Producers, production, marketing, and sales of non-timber forest products in the United States: a review and synthesis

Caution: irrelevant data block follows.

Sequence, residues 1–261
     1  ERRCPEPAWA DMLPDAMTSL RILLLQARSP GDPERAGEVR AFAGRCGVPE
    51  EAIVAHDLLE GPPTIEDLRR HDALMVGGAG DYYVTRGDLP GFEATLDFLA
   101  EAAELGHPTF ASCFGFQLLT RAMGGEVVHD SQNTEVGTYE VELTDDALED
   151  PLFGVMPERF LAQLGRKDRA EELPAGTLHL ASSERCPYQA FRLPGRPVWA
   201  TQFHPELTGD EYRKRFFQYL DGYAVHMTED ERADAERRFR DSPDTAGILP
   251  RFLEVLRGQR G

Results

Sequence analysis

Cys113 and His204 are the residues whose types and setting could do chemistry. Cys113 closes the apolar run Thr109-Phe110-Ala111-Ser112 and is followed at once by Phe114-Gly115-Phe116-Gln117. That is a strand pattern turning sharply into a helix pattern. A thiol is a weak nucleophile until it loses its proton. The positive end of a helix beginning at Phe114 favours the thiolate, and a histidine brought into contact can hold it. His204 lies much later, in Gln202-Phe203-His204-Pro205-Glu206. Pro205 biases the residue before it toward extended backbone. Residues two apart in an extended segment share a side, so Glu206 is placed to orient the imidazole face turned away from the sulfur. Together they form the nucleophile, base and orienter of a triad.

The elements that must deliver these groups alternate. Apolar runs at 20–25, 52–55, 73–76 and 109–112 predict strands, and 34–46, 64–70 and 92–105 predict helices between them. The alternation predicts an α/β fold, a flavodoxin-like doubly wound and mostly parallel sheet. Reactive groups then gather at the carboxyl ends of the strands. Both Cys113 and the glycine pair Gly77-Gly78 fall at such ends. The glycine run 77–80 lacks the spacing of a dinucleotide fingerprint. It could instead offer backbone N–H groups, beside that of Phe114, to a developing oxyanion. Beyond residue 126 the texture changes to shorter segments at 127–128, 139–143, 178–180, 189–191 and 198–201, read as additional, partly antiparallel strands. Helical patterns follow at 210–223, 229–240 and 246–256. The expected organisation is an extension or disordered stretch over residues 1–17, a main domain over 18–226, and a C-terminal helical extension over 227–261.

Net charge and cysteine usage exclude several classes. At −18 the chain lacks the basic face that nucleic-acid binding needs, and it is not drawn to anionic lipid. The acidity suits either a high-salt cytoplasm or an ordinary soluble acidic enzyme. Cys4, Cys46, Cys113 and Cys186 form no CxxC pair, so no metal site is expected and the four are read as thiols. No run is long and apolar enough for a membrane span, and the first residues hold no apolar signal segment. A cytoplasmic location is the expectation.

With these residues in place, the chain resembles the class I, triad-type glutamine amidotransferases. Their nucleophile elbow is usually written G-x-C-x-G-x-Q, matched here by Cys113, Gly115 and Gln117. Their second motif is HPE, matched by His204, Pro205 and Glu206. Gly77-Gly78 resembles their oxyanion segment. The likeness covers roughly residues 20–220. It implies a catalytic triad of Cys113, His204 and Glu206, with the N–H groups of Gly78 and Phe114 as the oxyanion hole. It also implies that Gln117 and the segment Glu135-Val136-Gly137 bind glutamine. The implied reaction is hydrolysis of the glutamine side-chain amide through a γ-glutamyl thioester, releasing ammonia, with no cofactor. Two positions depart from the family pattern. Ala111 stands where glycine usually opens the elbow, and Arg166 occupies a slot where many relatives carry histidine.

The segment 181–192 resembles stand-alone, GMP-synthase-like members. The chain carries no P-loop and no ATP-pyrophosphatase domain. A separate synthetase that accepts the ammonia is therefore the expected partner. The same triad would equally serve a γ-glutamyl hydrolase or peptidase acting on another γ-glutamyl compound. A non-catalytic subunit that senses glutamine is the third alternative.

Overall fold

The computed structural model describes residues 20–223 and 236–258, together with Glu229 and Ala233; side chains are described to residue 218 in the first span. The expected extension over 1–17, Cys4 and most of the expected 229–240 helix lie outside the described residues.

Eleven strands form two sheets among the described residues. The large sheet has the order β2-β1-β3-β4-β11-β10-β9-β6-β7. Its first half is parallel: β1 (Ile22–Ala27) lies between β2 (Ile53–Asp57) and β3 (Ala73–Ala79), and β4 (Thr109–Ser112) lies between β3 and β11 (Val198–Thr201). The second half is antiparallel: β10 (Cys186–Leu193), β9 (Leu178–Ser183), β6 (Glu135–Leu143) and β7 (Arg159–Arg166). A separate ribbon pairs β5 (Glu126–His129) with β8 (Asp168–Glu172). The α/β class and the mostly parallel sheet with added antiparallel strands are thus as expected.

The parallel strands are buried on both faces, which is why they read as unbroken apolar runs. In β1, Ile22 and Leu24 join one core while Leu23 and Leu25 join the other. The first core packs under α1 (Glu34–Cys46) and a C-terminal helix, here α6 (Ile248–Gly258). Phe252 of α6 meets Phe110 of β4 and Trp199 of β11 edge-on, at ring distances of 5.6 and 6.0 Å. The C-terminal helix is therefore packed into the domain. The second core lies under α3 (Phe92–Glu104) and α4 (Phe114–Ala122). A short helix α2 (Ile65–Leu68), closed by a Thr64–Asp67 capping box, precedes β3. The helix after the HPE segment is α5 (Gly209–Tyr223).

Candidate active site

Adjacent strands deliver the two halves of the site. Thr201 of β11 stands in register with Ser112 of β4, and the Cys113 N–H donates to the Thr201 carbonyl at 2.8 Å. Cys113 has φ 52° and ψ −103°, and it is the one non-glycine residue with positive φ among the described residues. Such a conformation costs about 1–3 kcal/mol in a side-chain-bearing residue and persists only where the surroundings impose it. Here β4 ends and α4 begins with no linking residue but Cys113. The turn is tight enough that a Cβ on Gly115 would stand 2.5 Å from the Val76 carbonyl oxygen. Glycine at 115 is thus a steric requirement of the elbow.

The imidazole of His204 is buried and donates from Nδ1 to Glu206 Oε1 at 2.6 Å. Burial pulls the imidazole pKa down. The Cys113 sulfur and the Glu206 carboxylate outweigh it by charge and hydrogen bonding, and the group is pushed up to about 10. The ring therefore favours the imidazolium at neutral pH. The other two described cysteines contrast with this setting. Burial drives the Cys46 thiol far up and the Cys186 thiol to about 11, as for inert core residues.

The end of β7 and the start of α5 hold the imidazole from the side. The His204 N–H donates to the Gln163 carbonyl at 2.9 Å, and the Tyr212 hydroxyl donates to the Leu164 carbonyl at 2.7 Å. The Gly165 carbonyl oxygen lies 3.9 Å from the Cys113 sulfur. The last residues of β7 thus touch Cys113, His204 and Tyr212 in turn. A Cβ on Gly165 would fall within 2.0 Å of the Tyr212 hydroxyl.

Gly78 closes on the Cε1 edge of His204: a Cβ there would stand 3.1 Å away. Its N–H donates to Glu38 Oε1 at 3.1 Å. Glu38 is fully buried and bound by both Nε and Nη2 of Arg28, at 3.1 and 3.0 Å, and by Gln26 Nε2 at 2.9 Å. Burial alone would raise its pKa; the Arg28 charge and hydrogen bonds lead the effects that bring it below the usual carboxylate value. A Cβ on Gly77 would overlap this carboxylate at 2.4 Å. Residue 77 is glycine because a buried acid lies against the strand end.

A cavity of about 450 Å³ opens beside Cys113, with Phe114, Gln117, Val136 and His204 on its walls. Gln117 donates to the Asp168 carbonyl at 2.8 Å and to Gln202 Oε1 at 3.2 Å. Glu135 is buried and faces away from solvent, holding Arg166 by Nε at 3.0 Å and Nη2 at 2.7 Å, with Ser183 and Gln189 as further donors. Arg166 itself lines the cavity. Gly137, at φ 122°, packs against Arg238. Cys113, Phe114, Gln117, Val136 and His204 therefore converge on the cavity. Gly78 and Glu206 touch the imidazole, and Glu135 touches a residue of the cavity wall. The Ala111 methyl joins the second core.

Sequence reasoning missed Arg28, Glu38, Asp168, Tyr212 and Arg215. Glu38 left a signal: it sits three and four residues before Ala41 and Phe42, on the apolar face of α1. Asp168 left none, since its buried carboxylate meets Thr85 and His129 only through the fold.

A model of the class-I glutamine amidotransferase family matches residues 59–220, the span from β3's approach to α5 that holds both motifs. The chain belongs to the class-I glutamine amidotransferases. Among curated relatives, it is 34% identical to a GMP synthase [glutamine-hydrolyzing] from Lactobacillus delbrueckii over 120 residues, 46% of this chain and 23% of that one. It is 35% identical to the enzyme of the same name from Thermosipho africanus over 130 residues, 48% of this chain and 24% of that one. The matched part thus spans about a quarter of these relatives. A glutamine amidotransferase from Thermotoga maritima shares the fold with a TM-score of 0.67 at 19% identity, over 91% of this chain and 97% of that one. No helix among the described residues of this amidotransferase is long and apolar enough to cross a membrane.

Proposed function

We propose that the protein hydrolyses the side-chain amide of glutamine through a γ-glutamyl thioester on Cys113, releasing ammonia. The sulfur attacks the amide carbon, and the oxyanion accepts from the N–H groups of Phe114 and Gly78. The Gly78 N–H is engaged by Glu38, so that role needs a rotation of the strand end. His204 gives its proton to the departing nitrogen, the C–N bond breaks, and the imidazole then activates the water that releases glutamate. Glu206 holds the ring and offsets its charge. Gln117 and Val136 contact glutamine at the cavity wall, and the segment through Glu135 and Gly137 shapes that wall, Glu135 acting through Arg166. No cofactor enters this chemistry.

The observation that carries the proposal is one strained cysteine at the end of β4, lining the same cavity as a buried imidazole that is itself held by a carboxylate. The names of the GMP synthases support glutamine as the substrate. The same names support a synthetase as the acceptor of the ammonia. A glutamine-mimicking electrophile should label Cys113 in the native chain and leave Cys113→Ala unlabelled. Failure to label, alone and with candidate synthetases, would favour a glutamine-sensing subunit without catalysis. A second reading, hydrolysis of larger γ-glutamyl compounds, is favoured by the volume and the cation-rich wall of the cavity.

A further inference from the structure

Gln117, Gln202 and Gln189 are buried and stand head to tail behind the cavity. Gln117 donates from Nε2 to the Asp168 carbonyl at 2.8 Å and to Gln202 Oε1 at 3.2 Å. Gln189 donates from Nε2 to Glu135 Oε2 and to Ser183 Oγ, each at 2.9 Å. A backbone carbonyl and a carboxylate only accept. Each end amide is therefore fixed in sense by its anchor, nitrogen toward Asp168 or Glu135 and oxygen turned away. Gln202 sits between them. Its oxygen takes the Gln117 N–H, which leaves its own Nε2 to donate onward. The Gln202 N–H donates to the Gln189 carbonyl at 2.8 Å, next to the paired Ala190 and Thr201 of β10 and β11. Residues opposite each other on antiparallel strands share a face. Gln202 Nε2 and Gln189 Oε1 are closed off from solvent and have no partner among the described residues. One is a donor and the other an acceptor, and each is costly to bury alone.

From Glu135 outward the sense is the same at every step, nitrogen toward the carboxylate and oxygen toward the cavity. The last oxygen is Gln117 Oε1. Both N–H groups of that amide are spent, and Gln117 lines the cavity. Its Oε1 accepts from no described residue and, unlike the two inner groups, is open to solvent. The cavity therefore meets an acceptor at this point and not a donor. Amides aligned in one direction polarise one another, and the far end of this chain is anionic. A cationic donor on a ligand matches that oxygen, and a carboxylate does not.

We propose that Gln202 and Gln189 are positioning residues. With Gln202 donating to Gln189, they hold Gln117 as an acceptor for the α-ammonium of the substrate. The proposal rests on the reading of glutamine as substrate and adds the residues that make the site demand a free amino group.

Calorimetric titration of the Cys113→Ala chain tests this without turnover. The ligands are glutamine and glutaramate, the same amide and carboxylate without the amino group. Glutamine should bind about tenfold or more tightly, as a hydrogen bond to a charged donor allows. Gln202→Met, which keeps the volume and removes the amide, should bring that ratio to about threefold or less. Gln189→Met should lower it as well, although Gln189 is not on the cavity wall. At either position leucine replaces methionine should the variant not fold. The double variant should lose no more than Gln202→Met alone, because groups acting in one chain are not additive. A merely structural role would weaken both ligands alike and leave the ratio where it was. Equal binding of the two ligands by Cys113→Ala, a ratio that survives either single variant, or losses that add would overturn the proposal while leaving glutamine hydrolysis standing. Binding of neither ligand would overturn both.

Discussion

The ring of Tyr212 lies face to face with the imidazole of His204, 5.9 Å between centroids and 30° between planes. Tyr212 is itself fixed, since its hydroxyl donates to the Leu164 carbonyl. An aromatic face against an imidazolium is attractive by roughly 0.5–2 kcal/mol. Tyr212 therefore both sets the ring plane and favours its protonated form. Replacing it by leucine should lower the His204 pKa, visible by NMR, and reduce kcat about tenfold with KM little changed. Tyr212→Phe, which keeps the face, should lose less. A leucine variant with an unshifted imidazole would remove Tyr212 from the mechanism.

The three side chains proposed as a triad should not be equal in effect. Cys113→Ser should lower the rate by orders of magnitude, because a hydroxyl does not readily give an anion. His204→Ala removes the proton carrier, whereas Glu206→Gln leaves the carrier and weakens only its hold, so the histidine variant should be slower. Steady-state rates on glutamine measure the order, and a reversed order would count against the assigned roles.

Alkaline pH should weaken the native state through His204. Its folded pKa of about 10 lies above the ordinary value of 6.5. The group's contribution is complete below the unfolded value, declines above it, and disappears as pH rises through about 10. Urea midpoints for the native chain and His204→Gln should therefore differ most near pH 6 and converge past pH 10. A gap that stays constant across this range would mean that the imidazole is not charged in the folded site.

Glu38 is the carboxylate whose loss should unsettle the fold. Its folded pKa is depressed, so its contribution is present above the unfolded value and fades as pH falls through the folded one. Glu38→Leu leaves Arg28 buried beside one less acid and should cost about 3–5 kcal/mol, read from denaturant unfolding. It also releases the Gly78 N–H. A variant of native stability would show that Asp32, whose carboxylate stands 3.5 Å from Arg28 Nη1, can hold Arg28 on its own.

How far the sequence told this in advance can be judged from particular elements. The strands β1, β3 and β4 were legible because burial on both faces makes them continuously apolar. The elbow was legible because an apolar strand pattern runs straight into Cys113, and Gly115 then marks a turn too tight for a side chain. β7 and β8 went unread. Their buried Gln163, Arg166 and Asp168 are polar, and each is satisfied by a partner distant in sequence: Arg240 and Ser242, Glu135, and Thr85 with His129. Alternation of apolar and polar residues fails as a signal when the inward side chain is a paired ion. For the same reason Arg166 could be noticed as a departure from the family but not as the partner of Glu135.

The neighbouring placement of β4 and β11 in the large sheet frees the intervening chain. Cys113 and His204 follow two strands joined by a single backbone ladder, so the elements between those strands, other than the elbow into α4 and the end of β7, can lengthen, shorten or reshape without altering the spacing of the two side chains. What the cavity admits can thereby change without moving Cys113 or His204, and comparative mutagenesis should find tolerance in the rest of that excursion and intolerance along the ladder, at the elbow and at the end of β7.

Non-timber forest products (NTFPs) are derived from natural populations of plants or fungi, or farmed in forests. Harvesters and producers often benefit from NTFPs by selling them to generate income. This article explores research on the producers, production, marketing, and sales of NTFPs in the United States, including the continuum of production from wild-harvesting to forest farming of NTFPs, and their costs and benefits. Specific examples are presented, but the concepts and generalizations are broadly applicable to many NTFPs throughout the U.S. and other parts of the world. Integrating NTFPs into forest management can enhance economic opportunities but also will increase complexity, and will entail balancing multiple and potentially conflicting objectives among a diverse community of stakeholders. We identify information gaps including the need for inventories and yield models of NTFPs, understanding the effect of silvicultural activities on NTFP survival and yield, time series and trends in collection of NTFPs by U.S. households, identification of vulnerable and marginalized communities associated with NTFP harvest, and harvesters’ motivations and drivers.